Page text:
Book Review of Riding the Tail of the Dragon, by Jeannine Dahlberg

Riding the Tail of the DragonI picked up a copy of Riding the Tail of the Dragon at Goodwill. I do love my $0.70 books. I chose it for three reasons. For one, the author is from Saint Louis, which makes her local to me. Two, it’s signed and personalized to someone, which always ignites my imagination. And three, that author picture is everything to me right now. I’m not making fun. The book is fifteen years old and styles change. But it’s a Bedazzled Glamour Shot! Man, what a 1980s flashback that is.

Description from back of book:
Forces of feng shui and a powerful, benevolent Chinese dragon create a whirl of excitement for Seth Coleman as he pursues his search for Rachel Ramsey, an heiress who is presumed to have survived the ravages of World War II in Paris.

Leaving Paris, the trail to find Rachel expands to Macau via the Panama Canal and Hong Kong. Traveling aboard a tramp steamer, murder, mystery and intrigue manifest to a compelling plot, which continues to the shores of Hong Kong, the island of Lantau and Macau.

Seth gains maturity during his adventurous holiday. The Orient, with its mystical beliefs in the ancient Chinese theory of feng shui, opens a new dimension for Seth in learning about the principles of harmony and balance in nature with its influences for good or evil. There is a choice, and Seth’s decisions affect his consequences, igniting energetic support from the invisible world of the Chinese dragon.

This ancient, antediluvian creature, which symbolizes power, fertility and well being in the Far East, is from the beginning of Seth’s adventure his protective guardian.

A man now wiser in worldly matters emerges at the end of his journey to capture the essence of friendship, loyalty and love.

Wow, that was…not very good. The story was sweet and all, but it was basically a series of unbelievable coincidences that allowed a young man to leave America for France and trace a woman, who’s adoptive name he didn’t even know, to a whole different country with no trouble…none at all. I mean, he just happened to stay at the one hotel where someone could tell him this. Just happened to meet the one girl who could connect him to just the right person to tell him that. Just happened to hire the one ship that would lead him to here. Just happened to hire the one coolie that would help him with that. At every stage he met the right person, was in the right place, said the right thing, such that there was no tension, no conflict, no difficulties present to him. None. Then there was insta-love on top of everything else.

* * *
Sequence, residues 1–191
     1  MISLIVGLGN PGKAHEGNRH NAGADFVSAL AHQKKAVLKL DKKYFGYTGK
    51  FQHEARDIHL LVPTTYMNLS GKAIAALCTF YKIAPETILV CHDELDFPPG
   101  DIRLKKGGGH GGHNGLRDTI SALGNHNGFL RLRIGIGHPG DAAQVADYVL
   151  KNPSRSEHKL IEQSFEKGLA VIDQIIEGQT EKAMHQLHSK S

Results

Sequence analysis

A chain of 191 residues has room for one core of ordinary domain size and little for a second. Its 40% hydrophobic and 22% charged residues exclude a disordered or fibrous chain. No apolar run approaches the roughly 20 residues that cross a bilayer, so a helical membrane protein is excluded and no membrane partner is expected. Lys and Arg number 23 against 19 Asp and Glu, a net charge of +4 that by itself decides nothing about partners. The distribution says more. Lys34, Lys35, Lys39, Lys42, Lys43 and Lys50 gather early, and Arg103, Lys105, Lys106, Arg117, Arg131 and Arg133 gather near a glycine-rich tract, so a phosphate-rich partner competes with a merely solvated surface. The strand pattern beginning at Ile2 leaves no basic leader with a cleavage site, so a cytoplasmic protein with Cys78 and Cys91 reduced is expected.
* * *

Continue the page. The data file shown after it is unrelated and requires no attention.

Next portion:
What’s more, until the end of the book, when the draft for the Korean war was mentioned, I didn’t know the time frame for the novel. Post-WWII was all I knew, as gas was still rationed in France. And being that it was just after the war, I had trouble believing that people were so willing to give the main character information about the family he was seeking, as they were in hiding. Why were so many people so willing to disclose their location to this American stranger? And if you were in hiding would you continue to go by, not only your same name, but title as well (General bla, bla, bla)? I’m sorry, nothing in this book was believable. I thought the blurbs mention of Feng Shiu and a dragon meant that there might eventually be a magical explanation, but no.

I was also a little uncomfortable with the othering of the people of the China and Macau. It was subtle and I suspect unintentional on the part of the author, but definitely present. As was the subtle way females were shown as less competent. You have a female secret agent and a daughter raised to be part of a military-like force and both are left out of all the action. When guns were passed out only men received them, even the one who had no military training at all. While the closest either woman came to being active in her own defense (even though present) was passing her knife to a man. And when one later made a major decision in her life, she first asserted, “My father agrees…” This being the adaptive father in another country, who had nothing to do with the decision being made. But can’t have a woman deciding things without a man, oh no. Can’t have that.

None of this was helped by the head hopping, stiff writing and stilted dialogue that used names and titles far too frequently to feel natural or the way it’s almost all tell instead of show. So, while I believe the author was aiming for a sweet, affirming, love story it was a basic fail for me.

What I’m drinking: You guys, I’m not well. I have a cold…maybe mild flu. I don’t know, but I’m hacking half my lungs out and am stuffy as all get out. So, I’m drinking my body weight in echinacea tea.

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